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North Carolina’s voter ID law is working just like it’s supposed to.

The Washington Post/Getty Images

On the eve of Super Super Tuesday, some 218,000 state residents do not have any of the valid forms of government identification needed to vote, as called for by a 2013 ID standard being implemented for the first time this election cycle. A last-minute corollary to the ID law, added in an apparent attempt to improve its chances of surviving a pending federal lawsuit, exempts voters with “reasonable impediments” to ID access. Still, their ballots will be counted as provisional and could be stricken at a later date. 

Ari Berman, author of Give Us the Ballot, has an article out in The Nation detailing the ordeal of Ethelene Douglas, an 85-year-old black woman who over two years made four trips to the DMV and two trips to South Carolina, and was forced to purchase $86 in public documents just to obtain a right she had been exercising with regularity ever since registering in 1964—the year before the Voting Rights Act passed.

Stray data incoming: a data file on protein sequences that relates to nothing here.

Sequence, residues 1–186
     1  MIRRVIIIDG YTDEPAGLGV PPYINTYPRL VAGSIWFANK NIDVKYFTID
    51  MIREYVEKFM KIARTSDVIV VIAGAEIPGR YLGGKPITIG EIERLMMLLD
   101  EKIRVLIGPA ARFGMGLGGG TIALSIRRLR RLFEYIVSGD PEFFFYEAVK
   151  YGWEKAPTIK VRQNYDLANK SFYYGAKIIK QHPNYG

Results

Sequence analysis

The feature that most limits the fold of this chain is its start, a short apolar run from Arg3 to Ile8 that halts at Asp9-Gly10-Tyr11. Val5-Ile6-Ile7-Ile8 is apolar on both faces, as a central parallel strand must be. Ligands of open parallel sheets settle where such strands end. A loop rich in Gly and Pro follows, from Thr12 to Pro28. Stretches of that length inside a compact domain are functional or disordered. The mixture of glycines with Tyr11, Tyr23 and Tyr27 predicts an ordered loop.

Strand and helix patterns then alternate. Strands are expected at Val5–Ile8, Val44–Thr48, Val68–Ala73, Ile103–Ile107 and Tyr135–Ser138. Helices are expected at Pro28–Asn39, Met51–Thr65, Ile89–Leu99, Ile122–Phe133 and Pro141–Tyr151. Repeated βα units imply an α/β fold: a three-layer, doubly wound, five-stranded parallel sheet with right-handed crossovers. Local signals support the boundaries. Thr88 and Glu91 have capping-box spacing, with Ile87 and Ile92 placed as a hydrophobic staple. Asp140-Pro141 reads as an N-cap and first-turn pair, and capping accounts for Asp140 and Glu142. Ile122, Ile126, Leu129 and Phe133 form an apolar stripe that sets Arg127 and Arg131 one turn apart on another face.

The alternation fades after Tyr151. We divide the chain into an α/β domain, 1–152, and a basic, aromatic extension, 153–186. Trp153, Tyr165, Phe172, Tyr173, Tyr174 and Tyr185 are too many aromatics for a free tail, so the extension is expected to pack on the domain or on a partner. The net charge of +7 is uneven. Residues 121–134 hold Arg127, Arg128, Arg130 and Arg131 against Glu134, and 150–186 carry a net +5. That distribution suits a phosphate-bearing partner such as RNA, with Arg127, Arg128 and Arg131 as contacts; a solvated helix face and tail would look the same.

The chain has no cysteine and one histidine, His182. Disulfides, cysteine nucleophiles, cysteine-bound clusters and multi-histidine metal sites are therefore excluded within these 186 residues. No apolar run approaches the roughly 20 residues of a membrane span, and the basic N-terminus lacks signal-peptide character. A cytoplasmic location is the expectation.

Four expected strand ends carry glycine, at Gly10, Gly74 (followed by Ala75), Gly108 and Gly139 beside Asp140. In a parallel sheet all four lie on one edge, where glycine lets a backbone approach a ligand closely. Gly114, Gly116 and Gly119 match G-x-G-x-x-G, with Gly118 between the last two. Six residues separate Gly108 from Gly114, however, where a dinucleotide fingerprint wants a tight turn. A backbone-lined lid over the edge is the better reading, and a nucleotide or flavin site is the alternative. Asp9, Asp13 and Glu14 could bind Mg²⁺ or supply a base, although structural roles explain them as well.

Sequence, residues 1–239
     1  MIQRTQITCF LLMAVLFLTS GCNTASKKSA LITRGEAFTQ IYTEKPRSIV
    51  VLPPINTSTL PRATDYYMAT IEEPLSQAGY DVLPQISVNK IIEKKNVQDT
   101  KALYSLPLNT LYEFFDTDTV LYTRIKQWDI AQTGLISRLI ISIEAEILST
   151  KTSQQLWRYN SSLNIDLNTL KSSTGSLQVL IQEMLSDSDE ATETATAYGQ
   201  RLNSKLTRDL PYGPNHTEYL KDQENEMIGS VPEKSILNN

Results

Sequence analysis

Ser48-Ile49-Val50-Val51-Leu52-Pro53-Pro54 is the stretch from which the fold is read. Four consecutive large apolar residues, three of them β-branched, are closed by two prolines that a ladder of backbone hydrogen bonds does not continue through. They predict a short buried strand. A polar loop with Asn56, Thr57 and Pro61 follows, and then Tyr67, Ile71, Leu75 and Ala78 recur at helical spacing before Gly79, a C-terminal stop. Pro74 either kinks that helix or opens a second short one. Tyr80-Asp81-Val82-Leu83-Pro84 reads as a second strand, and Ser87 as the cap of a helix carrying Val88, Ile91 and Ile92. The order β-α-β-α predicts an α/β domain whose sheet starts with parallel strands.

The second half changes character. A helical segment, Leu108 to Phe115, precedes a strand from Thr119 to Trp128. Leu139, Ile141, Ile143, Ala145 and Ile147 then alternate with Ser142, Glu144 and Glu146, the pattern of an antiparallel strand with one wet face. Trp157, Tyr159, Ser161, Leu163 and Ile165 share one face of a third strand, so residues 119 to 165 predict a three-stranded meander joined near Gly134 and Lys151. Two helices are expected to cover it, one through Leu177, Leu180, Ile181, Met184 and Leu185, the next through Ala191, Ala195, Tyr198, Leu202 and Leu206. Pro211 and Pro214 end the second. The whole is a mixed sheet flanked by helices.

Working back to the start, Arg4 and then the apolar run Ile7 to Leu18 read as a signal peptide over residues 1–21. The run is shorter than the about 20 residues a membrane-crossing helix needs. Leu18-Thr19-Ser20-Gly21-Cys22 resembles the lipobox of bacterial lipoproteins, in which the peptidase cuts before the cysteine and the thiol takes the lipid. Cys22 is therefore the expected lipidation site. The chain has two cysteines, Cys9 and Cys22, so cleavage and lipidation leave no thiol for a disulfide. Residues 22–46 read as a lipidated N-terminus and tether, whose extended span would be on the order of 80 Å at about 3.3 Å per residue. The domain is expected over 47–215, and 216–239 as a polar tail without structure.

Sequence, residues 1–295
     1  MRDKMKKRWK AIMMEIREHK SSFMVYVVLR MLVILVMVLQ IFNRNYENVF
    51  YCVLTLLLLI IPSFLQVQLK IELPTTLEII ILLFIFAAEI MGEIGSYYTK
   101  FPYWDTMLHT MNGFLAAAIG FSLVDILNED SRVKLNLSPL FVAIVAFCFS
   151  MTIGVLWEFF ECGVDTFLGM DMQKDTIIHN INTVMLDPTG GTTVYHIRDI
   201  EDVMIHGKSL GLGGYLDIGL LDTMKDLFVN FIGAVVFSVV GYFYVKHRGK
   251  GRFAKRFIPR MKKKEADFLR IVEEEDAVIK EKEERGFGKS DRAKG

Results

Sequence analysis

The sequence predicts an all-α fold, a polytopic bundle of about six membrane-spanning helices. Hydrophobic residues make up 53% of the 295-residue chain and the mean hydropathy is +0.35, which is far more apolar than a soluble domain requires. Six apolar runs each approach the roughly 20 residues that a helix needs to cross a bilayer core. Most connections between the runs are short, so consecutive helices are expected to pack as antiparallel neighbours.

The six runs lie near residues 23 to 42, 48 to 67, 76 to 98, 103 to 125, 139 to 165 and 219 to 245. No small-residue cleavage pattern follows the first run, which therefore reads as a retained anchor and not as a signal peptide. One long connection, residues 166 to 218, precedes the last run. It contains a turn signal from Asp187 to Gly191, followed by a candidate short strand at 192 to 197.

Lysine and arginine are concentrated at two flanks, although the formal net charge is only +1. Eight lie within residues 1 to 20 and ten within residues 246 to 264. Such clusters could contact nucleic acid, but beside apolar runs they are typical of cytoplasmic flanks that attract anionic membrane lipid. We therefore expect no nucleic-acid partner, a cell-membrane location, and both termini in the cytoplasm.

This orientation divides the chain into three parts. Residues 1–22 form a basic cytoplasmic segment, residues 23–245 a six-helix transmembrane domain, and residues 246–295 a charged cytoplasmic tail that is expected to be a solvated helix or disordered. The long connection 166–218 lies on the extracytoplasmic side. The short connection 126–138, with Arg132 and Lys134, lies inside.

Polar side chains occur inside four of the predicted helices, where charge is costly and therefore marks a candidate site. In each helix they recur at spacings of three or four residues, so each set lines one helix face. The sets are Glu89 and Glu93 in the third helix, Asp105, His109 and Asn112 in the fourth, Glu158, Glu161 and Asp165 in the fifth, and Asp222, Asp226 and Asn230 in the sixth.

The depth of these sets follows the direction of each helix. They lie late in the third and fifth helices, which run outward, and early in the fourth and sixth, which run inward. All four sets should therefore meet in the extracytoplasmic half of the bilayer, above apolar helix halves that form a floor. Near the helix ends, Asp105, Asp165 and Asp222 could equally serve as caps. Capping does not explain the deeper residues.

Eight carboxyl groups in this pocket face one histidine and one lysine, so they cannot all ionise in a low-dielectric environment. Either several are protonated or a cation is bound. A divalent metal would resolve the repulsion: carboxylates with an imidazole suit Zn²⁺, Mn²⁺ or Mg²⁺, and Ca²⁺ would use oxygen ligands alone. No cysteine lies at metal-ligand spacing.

Thanks to the Supreme Court—and, in particular, the Towering Legal Figure that was Antonin Scalia—the VRA now stands gutted. In its place we have voter identification and a panoply of other restrictions whose stated purpose is to prevent a problem—voter fraud—that doesn’t seem to exist and whose only discernible purpose is to return the country to a time when it was legal to exclude people like Ethelene Douglas from participating in democracy.